• Mariaelena Bartesaghi (Department of Communication) is a faculty mentor for an NSF “Undergraduate Research Experience on Hurricanes and Other Disasters” conducted through the USF Honors College. She has studied Hurricane Katrina using discourse analysis to look closely at how coordination is accomplished during a disaster. Discourse analysis analyzes talk in interaction and the connection of talk to understanding and action. Bartesaghi's recent writings in this subject area include, "What does 'coordination' mean? Hurricane Katrina and disaster metadiscourse," (in press), on the roles of libraries and archives in disaster planning, preparedness, and response, and "(Re)Defining the concept of risk," in POROI: Project for the Rhetoric of Inquiry.


Community Safety and Worker Fatigue


  • Robert Nesbit (director, USF OSHA Training Institute Education Center) can comment on hurricane-related safety issues and health issues, and worker fatigue. The Center, based at the College of Public Health, offers training in the hazards associated with cleaning up debris; temporary roof repairs; dealing with downed power lines, fallen trees and portable power generators; safe use of chainsaws; and heat stress. He also can speak to the issue of adequate training for public and private public sector employees responsible for restoring utilities and removing debris left by storms. More information is available at www.USFSafetyFlorida.Com and


Hurricanes and the Elderly


  • Amanda Smith (USF Health Byrd Alzheimer’s Institute, Director) can comment on how the stress of an impending natural disaster like a hurricane impacts the elderly, including those with memory disorders or other neuropsychiatric disorders. For those with dementia, news of a hurricane or its aftermath can have a particularly disorienting effect and aggravate behavioral problems, she says. Smith volunteered in Port Charlotte as part of an Area Agency on Aging assessment team following Hurricane Charley in August 2004.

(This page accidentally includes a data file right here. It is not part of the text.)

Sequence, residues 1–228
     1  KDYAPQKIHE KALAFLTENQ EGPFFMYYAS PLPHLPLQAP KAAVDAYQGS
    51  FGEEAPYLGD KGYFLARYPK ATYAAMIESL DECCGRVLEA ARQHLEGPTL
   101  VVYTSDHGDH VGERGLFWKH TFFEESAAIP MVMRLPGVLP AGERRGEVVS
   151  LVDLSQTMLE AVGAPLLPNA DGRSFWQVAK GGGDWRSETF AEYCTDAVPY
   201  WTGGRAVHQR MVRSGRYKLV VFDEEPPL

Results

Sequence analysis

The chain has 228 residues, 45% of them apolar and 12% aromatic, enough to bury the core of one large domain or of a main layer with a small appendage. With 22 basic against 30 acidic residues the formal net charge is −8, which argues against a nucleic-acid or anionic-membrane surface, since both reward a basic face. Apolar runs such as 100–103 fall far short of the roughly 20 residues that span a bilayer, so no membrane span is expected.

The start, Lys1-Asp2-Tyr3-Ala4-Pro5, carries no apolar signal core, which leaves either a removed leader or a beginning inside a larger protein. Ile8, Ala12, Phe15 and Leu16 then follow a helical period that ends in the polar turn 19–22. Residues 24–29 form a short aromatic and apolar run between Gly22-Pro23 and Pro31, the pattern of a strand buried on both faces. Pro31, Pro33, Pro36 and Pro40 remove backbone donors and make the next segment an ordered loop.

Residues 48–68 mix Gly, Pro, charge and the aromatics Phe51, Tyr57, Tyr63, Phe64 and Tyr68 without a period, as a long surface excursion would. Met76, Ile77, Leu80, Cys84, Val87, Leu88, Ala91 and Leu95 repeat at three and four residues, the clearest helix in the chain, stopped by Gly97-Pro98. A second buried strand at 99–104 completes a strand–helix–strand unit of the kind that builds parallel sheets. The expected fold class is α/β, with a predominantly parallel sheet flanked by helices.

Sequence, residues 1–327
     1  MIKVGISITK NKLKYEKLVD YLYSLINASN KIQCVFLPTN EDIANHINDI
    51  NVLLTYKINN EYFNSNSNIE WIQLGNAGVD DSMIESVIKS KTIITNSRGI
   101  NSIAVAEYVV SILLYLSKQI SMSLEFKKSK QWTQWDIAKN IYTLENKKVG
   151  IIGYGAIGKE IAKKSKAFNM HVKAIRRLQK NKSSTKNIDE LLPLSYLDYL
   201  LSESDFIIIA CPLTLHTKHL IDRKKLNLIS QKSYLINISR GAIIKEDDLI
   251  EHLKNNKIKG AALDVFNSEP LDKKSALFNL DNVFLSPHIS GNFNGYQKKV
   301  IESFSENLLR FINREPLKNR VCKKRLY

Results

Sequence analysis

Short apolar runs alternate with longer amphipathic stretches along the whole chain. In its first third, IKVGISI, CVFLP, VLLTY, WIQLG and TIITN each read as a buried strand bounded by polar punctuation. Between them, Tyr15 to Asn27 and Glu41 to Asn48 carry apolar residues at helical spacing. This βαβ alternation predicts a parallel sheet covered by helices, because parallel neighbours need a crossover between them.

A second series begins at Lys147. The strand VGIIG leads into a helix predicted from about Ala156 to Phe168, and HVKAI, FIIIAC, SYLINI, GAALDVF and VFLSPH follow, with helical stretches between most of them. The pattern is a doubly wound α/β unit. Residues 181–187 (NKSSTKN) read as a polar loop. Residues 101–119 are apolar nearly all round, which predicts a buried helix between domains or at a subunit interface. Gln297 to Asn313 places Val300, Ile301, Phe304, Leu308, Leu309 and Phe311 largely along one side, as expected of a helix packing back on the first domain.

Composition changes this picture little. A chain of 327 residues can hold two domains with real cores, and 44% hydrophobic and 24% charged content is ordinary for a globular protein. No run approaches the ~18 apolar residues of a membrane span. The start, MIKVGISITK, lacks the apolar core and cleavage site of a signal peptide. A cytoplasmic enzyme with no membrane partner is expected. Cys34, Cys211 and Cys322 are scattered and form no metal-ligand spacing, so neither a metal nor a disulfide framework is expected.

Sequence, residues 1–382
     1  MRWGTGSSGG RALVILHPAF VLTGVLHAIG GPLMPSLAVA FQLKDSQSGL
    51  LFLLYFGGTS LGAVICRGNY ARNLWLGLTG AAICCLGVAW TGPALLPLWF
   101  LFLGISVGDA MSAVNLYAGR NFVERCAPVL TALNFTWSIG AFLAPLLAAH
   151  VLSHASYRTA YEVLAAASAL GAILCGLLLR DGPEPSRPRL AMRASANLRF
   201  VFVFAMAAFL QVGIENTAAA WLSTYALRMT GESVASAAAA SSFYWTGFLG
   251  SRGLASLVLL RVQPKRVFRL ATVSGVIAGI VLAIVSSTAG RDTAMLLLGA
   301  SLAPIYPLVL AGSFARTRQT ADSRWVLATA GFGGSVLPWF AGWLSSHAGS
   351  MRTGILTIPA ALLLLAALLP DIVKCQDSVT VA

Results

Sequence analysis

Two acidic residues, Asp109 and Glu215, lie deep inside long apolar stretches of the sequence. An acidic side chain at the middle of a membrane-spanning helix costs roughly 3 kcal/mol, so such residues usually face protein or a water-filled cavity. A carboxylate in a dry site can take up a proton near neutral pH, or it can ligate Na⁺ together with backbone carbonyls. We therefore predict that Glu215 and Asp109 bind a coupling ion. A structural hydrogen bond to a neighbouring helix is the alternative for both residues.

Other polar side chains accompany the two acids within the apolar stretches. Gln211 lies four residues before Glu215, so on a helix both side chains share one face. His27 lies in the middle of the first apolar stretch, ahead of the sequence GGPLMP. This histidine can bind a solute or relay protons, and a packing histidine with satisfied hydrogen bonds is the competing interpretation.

• Lisa Brown (School of Aging Studies, College of Behavioral and Community Sciences) is an associate professor who conducts research on the impact of disasters on mental health and vulnerable populations. She is an expert on resilience, assessment, intervention and use of disaster mental health services. In 2005, Brown counseled Hurricane Katrina evacuees as a volunteer with the American Red Cross. After Hurricane Charley in 2004, she worked as a volunteer mental health clinician in a special needs shelter. Brown serves on state and national committees tasked with mental health response, develops crisis counseling programs, trains crisis counselors, and is an editor of the textbook, Psychology of Terrorism (Oxford, 2007).
  • Kathryn Hyer (Florida Policy Exchange Center on Aging, School of Aging Studies) conducts research on the impact of evacuations, electrical outages and other service disruptions, and other effects on elders, especially in long-term care settings (nursing homes, assisted living facilities). She has written and published extensively about vulnerable elders and the structure of emergency response systems. Hyer has also received federal funding to examine the morbidity and mortality resulting from evacuation of nursing home residents in Louisiana and Texas.


Community Preparedness and Recovery